The face value of a term life insurance policy is payable if the insured dies while the policy is in force. A term life insurance policy will not be in force if (a) the term of coverage expired and has not been renewed before the insured dies or (b) the policy lapsed due to non-payment of premiums. Payment may also be denied if the cause of death is one that is excluded by the policy.
Permanent Life Insurance. Permanent life insurance is also called “whole life insurance.” A major characteristic that distinguishes it from term life insurance is that permanent life insurance accumulates “cash value.” Cash value can be broadly compared to a savings account built into the insurance policy. It is not a savings account as that term is usually used, but there are some similarities. In general, here’s how it works:
- A portion of each premium payment is applied to the cost of the indemnity benefit. That refers to the mathematically determined amount that the life insurance company must collect to pay the death benefit of the policy.
- Another portion of each premium payment is deposited into a separate account that we can call the “cash value account.”
- Cash value accumulates slowly at first, but it grows more quickly the longer the policy is in force. A permanent life insurance policy will contain a schedule of estimated cash value growth. The cash value can be used for a variety of purposes, as will be discussed in future articles.
The premium for permanent life insurance will be greater than for the same amount of term life insurance. That is because term life insurance does not accumulate cash value, so there is no separate “account” within it. Instead, it pays a death benefit only. However, the premium for a permanent life insurance policy stays the same for the life of the policy. The premium is established at the inception of the policy and is based on factors including the insured’s age, gender and health status. In contrast, the premium for a term life insurance policy remains the same only for the length of the initial term. If the term policy is renewed for another period of time, the premium will be higher because of the insured’s advanced age, changed health condition, or other factors.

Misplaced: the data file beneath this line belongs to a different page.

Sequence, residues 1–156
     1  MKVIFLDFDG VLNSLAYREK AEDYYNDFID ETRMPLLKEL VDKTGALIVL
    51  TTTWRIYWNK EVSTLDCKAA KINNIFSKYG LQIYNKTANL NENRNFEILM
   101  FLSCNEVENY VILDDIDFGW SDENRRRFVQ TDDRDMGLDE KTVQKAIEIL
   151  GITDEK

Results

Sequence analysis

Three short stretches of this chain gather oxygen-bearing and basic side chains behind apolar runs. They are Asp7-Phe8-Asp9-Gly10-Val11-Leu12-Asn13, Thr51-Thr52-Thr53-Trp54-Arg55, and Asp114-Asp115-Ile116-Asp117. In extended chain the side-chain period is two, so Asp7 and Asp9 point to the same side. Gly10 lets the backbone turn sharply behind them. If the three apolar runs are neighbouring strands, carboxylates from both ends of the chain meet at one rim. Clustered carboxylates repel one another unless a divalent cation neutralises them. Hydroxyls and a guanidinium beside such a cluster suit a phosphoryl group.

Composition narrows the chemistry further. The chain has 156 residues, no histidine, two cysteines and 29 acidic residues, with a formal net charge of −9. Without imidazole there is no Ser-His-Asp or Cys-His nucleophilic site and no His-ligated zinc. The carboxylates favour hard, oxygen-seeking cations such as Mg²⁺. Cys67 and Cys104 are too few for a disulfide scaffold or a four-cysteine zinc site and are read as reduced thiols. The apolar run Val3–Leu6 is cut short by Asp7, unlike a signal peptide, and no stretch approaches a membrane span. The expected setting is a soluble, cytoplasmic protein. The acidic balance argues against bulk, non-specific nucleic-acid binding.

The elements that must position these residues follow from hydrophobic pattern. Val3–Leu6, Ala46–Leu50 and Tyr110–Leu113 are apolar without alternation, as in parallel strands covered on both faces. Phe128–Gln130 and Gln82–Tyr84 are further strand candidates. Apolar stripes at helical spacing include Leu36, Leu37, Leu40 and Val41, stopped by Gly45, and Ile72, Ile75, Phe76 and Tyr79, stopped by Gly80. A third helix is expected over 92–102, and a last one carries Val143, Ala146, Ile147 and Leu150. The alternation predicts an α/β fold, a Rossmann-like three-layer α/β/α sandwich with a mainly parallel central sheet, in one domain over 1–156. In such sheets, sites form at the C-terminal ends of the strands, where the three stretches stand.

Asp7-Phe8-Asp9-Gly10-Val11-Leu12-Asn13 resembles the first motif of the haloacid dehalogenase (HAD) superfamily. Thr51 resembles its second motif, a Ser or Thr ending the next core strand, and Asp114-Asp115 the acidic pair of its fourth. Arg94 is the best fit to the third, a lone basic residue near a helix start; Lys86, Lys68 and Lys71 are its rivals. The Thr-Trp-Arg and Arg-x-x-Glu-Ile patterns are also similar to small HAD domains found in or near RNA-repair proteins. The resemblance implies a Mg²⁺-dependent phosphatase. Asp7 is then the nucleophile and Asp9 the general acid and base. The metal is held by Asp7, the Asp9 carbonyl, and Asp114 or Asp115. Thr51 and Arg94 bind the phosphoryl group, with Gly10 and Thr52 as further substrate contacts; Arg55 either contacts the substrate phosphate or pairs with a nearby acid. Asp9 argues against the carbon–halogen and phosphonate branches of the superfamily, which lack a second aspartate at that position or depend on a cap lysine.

Term life insurance and permanent life insurance both have advantages and disadvantages. The pros and cons relate to an individual’s reason(s) for buying life insurance, and to some degree, the point in their life that they buy it.
Above all, it is important to recognize that any kind of insurance, including life insurance, is for protection. Specifically, life insurance is purchased to protect against obligations that may exist at death.
Advantages of term life insurance:
- Term life insurance is comparatively inexpensive; it thereby allows one to buy more insurance when it is most needed.
- Term life insurance is simple to understand because it involves only the payment of a death benefit.
- Term life insurance can be purchased to approximate the period during which protection is needed, such as paying for a child’s education or paying off a mortgage.
Disadvantages of term life insurance:
- Term life insurance lasts for a definite duration. Therefore, you may outlive your coverage while you still need it.
- Renewal of the insurance will be more costly due to advancing age or intervening medical conditions. A medical condition may also cause you to be uninsurable while you still need life insurance.